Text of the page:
The attorney called me back within minutes. He told me to breathe, and he would contact my husband’s attorney. He promised to call back right away. Meanwhile, the girls had finished their lunch and we’re now sitting beside me, along with Victoria. What’s happening? Is daddy okay? Are we going to a hotel? Victoria is coming with us, right mommy? Why is daddy making you move out on our birthday? They are both crying by this time.
“This is the worst birthday ever!!!”
“I never want to see daddy again!”
I looked at Victoria. She looked back at me and, in her distinctively German voice, “What do we do now?” The phone rang. “Hello…” It was my attorney. He had spoken with my husband’s attorney, and there was a misunderstanding. My husband had signed the documents without reading through them. He had no intention of taking my children or evicting me from our house. He was sorry. He should have read them.
My attorney says he will file a counter-suit and starts asking me questions. Do I think my husband is a danger to me or my children? No. Has he ever hit me? Um, no. Do I want him to move out immediately? No…wait…yes…wait…um…
“No, he can stay.” My attorney assures me it is the best decision considering I have no income and there is no history of violence. From that point forward, I focused on my girls. I met every question with the thought, “What is best for the girls?” To this day, whenever a conflict with my ex-husband arises, my mantra is: I love my children far more than I will ever allow myself to hate him.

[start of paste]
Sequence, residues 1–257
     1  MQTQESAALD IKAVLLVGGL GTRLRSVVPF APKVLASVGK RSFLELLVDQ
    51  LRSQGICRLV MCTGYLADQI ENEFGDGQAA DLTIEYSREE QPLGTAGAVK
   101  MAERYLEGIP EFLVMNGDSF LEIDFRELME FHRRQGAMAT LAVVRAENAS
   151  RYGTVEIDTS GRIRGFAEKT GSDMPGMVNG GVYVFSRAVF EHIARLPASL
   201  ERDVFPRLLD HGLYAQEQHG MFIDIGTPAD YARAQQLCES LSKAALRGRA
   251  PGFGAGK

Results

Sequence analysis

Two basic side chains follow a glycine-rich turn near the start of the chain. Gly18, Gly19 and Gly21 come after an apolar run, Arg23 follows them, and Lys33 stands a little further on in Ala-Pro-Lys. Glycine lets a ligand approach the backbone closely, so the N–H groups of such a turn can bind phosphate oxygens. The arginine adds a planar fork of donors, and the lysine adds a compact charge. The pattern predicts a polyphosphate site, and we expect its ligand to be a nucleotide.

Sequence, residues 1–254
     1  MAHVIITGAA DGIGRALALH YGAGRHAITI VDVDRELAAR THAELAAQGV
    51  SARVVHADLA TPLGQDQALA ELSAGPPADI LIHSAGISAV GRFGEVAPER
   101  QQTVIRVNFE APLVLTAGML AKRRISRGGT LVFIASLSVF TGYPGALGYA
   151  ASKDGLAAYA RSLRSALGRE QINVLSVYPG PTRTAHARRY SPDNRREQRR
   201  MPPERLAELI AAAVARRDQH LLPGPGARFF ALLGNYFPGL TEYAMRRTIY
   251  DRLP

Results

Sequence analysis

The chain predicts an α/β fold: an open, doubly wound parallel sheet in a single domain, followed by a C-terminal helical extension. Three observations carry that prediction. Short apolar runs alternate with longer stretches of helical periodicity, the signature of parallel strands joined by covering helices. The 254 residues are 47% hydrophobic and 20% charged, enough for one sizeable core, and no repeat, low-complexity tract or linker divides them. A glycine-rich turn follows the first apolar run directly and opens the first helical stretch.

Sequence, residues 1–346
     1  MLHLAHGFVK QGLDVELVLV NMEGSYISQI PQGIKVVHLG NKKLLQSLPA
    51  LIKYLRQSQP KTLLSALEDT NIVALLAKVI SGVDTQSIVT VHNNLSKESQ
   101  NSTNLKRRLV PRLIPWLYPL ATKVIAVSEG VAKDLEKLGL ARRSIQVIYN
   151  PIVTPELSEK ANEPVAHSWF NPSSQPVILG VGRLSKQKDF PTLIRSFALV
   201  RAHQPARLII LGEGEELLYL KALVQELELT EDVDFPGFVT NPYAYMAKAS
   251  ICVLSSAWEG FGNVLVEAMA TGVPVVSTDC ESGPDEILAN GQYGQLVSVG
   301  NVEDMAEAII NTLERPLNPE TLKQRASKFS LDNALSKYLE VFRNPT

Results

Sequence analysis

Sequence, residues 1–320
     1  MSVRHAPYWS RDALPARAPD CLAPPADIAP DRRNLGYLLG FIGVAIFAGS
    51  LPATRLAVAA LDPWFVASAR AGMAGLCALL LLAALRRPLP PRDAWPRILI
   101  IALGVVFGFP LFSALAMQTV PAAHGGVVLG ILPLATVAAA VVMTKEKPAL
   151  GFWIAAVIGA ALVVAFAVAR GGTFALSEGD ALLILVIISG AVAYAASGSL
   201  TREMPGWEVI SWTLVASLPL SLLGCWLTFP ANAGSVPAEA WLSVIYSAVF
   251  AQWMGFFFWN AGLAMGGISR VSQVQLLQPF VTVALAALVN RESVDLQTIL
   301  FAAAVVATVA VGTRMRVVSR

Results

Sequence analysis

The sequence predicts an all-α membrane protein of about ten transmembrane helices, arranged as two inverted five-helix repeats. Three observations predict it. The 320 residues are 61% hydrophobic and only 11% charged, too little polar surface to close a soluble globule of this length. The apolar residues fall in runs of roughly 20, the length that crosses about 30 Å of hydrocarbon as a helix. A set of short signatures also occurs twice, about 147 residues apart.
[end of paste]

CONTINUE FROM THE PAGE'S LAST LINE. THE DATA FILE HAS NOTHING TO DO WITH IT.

In retrospect, I wish we would have known how hard divorce would be. I wish we had entered couples therapy earlier. I wish I had known that EVERYONE ultimately takes sides in a divorce, and sometimes that side isn’t your own. I wish I had known the strength of a twin’s bond with a particular parent and that loyalty to a particular parent could divide my children’s allegiance to each other. I wish I had known that three person roller coasters don’t exist, and that I would always be forced to choose, and no matter how fair I tried to be, as a twin, one of my daughters would always perceive an injustice. I wish I had known what it felt like to be completely alone in my house and how deafening the silence would be. I wish I had known our therapist’s advice that, barring addiction or abuse, your best chance for happiness is with your initial spouse, is true. I wish I would have seen him for what he was, instead of what he wasn’t.
But most of all, I wish we hadn’t been so focused on providing the best things in life for our girls, and instead focused on being the best team for our girls, because ultimately, we chose them. They didn’t choose us. I wish we could have been more like our girls…able to scream, argue, and protect our personal space, yet always able to put aside our personal differences when necessary, having each other’s back, no matter what.
Now, concerning the yellow booklet…
To be continued…
Stephanie Leininger is a divorced, single mother of 12 year-old identical twin girls. She holds a BBA and MSEE from Southern Methodist University in Dallas. Currently employed by a major financial institution, she has maintained a career in data architecture and software engineering for 15 years.